Should we try to be current or should we aim to be evergreen? When trying to figure out what to write next, it can be a difficult question. In general, I think we should avoid the current or trendy unless that new fad happens to hit our sweet spot—something we already have some experience with, interest in, or knowledge of.

A corollary is that we probably shouldn’t worry whether our interests are in favor or not with the reading public. We should write about what interests us. You can’t fake enthusiasm. Your passion will capture readers.

Roger Burlingame wrote in 1946: “A few years ago there were resurrections of the Brontës, Anthony Trollope and Jane Austen, whose novels of manners presumably belong to an area on which the door had definitely shut… So it is never safe to say that a book or a genre is dead or fatally dated.”** And the Jane Austen revival seems to have had remarkable staying power even to this day.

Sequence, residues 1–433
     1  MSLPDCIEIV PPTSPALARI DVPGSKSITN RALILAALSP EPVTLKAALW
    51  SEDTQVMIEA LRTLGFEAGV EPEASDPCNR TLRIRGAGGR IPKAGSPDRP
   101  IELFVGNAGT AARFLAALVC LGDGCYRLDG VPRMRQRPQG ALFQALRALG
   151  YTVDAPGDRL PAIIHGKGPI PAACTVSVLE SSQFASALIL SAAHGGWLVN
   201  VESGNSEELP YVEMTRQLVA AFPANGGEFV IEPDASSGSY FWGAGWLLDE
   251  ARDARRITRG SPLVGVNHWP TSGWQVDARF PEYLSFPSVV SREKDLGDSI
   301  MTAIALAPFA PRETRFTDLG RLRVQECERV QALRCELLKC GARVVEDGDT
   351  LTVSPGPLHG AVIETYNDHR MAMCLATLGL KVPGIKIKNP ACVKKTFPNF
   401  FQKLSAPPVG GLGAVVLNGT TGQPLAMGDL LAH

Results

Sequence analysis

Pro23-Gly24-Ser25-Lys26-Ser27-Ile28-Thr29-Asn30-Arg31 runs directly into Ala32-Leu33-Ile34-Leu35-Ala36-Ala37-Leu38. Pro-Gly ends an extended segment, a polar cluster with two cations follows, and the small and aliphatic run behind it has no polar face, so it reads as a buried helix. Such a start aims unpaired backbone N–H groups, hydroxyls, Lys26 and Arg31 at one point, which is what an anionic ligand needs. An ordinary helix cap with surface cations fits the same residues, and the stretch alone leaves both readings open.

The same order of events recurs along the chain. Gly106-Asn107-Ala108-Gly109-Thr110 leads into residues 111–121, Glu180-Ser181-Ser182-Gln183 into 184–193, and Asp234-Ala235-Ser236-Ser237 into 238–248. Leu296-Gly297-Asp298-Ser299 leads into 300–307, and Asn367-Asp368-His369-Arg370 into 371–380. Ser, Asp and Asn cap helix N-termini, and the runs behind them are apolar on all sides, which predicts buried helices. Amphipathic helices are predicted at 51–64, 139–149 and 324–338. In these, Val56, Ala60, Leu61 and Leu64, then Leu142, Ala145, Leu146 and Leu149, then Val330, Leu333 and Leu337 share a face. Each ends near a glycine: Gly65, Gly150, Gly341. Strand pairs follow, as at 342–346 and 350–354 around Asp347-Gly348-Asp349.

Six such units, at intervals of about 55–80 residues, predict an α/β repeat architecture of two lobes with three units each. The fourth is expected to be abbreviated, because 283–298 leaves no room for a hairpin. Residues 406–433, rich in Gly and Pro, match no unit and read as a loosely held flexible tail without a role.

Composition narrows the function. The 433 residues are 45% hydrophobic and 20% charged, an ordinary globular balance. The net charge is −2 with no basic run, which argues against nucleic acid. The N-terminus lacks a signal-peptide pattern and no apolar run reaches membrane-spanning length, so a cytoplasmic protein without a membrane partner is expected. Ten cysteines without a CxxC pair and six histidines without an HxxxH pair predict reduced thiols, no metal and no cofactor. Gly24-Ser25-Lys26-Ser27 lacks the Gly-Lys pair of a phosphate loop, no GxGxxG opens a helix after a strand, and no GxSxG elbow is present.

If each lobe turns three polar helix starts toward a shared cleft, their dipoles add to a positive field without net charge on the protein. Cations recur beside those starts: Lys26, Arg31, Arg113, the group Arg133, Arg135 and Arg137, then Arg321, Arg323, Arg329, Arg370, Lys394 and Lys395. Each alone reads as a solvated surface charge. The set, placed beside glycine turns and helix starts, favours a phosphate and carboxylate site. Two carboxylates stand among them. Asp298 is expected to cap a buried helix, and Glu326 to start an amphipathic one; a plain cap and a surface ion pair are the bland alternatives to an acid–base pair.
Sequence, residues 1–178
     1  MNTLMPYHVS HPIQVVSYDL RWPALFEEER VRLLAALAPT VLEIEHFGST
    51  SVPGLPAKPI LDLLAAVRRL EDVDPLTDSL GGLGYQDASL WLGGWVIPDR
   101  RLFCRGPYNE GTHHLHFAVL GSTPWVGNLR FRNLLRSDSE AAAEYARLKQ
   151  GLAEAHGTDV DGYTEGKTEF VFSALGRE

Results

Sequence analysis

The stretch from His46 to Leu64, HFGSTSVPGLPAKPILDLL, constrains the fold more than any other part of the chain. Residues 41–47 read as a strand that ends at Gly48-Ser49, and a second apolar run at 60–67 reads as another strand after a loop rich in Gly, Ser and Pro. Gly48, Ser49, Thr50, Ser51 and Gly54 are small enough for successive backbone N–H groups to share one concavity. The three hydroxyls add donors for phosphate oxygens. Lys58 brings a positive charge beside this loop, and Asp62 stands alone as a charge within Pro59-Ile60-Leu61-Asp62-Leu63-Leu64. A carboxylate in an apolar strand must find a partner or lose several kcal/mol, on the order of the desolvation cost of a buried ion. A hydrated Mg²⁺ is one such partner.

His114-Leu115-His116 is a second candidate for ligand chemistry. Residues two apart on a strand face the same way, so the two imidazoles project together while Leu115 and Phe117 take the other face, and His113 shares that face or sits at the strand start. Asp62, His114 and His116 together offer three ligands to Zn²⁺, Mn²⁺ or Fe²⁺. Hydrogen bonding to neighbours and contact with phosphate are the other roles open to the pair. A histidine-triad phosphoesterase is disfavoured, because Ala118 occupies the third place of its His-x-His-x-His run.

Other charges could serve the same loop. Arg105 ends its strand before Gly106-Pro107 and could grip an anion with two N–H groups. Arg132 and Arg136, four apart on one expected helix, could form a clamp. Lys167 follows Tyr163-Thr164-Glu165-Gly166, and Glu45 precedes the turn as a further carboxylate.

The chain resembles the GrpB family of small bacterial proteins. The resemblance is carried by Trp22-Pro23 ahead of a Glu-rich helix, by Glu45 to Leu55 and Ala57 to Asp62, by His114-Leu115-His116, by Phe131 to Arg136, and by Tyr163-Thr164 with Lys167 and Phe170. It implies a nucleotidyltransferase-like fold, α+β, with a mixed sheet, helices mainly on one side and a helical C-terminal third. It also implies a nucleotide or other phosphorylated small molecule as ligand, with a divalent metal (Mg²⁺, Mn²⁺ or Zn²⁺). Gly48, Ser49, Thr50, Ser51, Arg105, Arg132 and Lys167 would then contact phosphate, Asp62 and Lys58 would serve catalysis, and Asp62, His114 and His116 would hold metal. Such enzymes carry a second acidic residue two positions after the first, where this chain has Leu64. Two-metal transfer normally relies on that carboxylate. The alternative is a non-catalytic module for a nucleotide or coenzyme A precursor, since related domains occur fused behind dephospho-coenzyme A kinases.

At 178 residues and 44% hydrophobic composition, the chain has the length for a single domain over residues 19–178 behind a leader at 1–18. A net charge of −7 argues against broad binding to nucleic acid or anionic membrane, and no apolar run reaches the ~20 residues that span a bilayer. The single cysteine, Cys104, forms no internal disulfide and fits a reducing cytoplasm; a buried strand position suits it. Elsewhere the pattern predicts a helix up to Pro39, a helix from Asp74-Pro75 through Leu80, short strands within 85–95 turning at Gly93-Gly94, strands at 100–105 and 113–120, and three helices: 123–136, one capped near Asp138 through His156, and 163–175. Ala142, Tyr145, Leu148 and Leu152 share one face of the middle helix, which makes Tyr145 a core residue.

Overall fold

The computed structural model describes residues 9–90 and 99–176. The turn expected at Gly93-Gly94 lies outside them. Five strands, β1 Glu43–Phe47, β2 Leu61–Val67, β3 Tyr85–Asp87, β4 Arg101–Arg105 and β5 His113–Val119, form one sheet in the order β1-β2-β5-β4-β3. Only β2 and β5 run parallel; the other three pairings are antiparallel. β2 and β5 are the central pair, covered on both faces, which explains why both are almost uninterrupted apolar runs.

If something out of date or passé interests you, don’t worry about it. Write what you care about. Write with excellence. And see what happens.


*This phrase or variations of it have been identified as a Chinese or Danish proverb, and also attributed to Mark Twain, Samuel Goldwyn, Nostradamus, and others. But it likely originated with physicist Niels Bohr. https://quoteinvestigator.com/2013/10/20/no-predict/

**Roger Burlingame, Of Making Many Books, (University Park, PA: The Pennsylvania State University PRess, 1946, 1996), p. 328.